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The intermediate state in Pauline eschatology : an exegesis of 2 Corinthians 5, 1-10

McGill University
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  • Intermediate State -- Biblical Teaching
  • Paul
  • The Apostle
  • Saint -- Contributions In Eschatology
  • Anthropology
  • Religious Science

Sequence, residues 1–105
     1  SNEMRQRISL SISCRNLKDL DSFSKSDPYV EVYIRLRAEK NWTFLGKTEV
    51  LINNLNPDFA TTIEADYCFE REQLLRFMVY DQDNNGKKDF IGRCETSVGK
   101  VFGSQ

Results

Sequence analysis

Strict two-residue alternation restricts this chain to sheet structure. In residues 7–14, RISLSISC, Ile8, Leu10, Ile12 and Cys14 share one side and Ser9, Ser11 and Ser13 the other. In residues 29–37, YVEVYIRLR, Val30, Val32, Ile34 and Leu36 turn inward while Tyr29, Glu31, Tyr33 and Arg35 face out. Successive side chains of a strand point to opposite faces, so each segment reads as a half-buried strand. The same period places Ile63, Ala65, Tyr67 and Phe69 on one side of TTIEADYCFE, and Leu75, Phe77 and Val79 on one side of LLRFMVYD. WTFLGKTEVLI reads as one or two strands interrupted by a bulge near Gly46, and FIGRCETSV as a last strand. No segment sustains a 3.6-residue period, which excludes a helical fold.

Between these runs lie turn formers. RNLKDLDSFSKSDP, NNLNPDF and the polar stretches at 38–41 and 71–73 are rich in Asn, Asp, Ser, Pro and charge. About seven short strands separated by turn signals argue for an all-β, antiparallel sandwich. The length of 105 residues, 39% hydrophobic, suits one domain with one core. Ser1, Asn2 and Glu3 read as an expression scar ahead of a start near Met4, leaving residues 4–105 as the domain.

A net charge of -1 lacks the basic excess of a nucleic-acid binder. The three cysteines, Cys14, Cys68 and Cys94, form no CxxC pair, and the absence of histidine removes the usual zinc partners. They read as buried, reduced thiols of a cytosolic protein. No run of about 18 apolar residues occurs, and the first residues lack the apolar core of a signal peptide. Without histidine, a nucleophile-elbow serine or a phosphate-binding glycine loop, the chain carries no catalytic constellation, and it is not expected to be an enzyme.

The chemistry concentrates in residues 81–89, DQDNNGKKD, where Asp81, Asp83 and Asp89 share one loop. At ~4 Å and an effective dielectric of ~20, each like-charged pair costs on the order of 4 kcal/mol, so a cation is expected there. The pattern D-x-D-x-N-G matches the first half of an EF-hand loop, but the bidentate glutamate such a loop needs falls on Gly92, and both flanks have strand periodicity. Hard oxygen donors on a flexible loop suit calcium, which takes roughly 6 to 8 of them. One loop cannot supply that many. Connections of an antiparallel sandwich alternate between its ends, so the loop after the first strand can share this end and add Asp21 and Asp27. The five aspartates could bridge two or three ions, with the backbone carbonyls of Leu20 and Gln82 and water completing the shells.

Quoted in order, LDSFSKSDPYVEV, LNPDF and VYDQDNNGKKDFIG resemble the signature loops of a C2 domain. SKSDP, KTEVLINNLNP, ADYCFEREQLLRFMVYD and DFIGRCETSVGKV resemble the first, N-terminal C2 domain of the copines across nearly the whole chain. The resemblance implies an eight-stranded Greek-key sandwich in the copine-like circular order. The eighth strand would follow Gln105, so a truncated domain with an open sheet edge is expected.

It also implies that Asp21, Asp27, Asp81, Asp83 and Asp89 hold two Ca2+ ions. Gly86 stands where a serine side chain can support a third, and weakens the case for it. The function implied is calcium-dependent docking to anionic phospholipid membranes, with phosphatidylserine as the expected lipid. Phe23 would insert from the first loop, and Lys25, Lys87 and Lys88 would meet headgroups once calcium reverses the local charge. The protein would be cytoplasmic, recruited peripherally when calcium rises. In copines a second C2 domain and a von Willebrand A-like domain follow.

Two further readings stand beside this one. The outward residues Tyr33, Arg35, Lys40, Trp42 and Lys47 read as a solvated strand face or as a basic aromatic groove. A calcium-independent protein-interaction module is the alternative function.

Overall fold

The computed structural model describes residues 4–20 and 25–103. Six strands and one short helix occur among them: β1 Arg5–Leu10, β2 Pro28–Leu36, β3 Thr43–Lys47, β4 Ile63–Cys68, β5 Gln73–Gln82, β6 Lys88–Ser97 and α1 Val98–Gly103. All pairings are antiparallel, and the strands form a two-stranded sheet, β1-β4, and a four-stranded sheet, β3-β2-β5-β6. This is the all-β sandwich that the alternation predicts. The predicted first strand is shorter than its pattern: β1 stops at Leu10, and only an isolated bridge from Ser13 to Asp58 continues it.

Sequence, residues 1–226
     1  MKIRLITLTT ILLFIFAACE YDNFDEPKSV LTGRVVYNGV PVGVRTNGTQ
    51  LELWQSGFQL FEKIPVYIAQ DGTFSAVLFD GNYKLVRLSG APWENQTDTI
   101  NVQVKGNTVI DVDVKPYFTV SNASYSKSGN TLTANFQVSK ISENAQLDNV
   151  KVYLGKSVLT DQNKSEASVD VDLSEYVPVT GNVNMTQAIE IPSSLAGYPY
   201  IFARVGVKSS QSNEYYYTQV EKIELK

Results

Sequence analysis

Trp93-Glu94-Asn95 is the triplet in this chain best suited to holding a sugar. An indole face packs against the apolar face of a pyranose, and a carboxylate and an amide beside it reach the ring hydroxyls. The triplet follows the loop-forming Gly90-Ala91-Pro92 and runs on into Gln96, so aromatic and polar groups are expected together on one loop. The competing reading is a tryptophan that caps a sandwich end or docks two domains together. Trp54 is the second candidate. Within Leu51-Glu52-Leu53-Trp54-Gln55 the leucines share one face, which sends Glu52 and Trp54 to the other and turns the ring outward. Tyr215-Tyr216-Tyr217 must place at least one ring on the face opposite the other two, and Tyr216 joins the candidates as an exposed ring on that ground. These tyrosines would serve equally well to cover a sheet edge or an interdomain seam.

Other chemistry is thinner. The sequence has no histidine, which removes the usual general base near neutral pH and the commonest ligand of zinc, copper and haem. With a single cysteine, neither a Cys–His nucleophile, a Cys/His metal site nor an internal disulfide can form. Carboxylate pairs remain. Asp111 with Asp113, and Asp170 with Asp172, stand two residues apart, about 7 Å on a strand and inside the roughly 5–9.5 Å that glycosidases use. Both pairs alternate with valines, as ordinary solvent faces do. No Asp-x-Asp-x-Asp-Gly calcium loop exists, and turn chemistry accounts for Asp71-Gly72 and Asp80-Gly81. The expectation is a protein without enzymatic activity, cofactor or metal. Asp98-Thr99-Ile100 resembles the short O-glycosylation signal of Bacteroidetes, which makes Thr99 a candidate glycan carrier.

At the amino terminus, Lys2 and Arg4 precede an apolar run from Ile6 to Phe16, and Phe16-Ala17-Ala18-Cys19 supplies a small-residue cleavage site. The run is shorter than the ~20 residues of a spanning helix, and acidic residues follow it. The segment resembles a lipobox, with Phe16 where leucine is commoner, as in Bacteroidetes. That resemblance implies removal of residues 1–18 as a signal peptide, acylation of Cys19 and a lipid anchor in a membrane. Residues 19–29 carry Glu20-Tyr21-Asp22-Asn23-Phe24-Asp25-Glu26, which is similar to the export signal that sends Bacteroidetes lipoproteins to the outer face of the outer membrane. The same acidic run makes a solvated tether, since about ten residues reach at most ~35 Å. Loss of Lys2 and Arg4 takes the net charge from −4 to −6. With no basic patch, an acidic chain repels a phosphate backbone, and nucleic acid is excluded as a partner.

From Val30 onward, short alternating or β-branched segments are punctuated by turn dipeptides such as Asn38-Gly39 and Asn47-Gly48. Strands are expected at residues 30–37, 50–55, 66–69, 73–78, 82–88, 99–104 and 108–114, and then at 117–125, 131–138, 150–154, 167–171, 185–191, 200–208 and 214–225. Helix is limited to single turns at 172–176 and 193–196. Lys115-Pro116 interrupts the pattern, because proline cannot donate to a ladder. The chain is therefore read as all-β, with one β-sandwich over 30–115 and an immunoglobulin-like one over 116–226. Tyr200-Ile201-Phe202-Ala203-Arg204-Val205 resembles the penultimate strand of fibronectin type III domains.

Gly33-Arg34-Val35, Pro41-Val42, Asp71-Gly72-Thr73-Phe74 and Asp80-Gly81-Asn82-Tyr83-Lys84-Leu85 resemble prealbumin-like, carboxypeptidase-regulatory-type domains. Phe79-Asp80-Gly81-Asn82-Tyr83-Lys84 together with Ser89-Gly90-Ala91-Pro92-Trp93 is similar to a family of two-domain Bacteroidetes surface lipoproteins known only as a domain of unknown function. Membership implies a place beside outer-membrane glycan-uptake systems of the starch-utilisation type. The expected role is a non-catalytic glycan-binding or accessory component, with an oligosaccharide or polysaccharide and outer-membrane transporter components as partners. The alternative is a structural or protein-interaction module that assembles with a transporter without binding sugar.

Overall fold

This thesis will examine closely two aspects of Pauline theology, namely, the timing of the resurrection and the state of the believer who dies before the parousia. Through exegesis of 2 Cor 5:1-10, the basic consistency in Paul's thinking and the arguments for and against the intermediate state will be examined. Chapter 1 analyzes what 1 Thess. 4, 1 Cor. 15, and 2 Cor. 5 have to say on the issue, comparing the passages as to content and compatibility. Chapters 2 and 3 pursue more fully questions related to the issue of postmortem existence. Chapter Two deals with Paul's use of verb $ underline{ eta o iota mu alpha sigma beta alpha iota}$ as a metaphor for death and the idea of the intermediate state as soul-sleep (psychopannychism). Chapter 3 explores the matter of Paul's concept of the "I" or "self" (or "naked" self), raised by Paul in 2 Cor. 5:3. The Pauline anthropology is compared with Hellenistic anthropological dualism in order to show the similarities and differences.

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